Molding Minds since 2005
Since November 2005, a dedicated group of Aggie volunteers has worked to implement C.A.M.P., the Caring Aggie Mentoring Program. CAMP’s mission is to mentor children as they develop through school and inspire them to pursue higher education by reinforcing excellent academic standards; building confidence and leadership skills; providing fun, life-enriching experiences; and role modeling qualities of success. CAMP is not intended to tutor students, but rather provides one fun weekend activity each month during the school year. These events range from attending professional sports games, to trips to the zoo or beach, campus visits to Texas A&M, and the ever popular visit to a working ranch.
CAMP is the brainchild of Freddie Wong ’69 and Sam Williams ’68, who felt that the Aggie tradition of community service, offered an opportunity for Houston-area Aggies to make some major changes in the lives of a large group of youngsters and their families.
Each year, about twenty volunteers host each of CAMP’s activities. New volunteers are assigned to a third grade class, and if all goes as planned, they’ll stay with those students until they graduate. This year marks CAMP’s fifth year and already the volunteers are making plans.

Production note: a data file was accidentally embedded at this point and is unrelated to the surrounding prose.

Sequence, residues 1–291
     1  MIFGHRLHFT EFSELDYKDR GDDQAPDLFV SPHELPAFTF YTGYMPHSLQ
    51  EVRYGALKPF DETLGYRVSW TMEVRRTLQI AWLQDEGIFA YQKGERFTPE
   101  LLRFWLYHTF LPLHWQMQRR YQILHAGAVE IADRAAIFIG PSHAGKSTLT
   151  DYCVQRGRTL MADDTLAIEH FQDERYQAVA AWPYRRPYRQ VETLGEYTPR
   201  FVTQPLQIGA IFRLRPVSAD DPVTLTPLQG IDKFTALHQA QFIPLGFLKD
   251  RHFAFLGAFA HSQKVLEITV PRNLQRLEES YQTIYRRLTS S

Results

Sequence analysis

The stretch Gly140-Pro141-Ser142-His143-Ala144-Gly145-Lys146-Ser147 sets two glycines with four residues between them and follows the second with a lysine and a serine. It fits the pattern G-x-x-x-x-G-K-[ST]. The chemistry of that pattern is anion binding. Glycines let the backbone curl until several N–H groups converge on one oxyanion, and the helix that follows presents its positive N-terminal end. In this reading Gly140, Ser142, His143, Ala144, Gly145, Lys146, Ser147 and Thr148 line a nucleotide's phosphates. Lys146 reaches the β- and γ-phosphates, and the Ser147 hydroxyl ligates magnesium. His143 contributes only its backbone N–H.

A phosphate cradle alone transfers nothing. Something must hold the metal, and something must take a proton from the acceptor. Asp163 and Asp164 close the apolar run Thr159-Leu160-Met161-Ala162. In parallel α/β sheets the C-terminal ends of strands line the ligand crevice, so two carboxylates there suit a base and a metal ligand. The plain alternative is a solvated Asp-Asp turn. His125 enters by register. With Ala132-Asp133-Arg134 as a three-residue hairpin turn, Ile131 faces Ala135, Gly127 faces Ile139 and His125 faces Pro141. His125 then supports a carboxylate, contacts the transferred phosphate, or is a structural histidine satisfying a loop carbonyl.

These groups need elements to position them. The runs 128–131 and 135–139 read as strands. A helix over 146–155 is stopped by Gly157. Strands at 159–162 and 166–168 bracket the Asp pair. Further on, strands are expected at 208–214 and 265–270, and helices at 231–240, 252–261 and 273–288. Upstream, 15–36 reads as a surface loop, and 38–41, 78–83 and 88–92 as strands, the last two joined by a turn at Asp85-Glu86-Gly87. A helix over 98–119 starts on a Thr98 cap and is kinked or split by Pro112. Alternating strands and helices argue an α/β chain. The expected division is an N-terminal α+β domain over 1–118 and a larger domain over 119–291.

CAMP’s original inspiration came from an unlikely source. In 1981, a very successful New York businessman, Eugene Lang, went to his alma mater’s Sixth Grade Commencement in Harlem and promised college tuition assistance to the entire class of 6th graders if they promised to stay in school and graduate from high school. Not only did Lang keep his promise, but he hired a Project Coordinator to run a daily after-school program, a Saturday program, and a full-day summer program of tutoring, mentoring, and enrichment. As a result, 90% of his students graduated from high school and earned their GED. Following this model, Houston Aggies created the current CAMP program.
The ultimate goal is for CAMP to become a statewide program, supporting Texas A&M’s Vision 2020 Strategic Imperative, to achieve student diversity reflecting college-bound Texas high school graduates.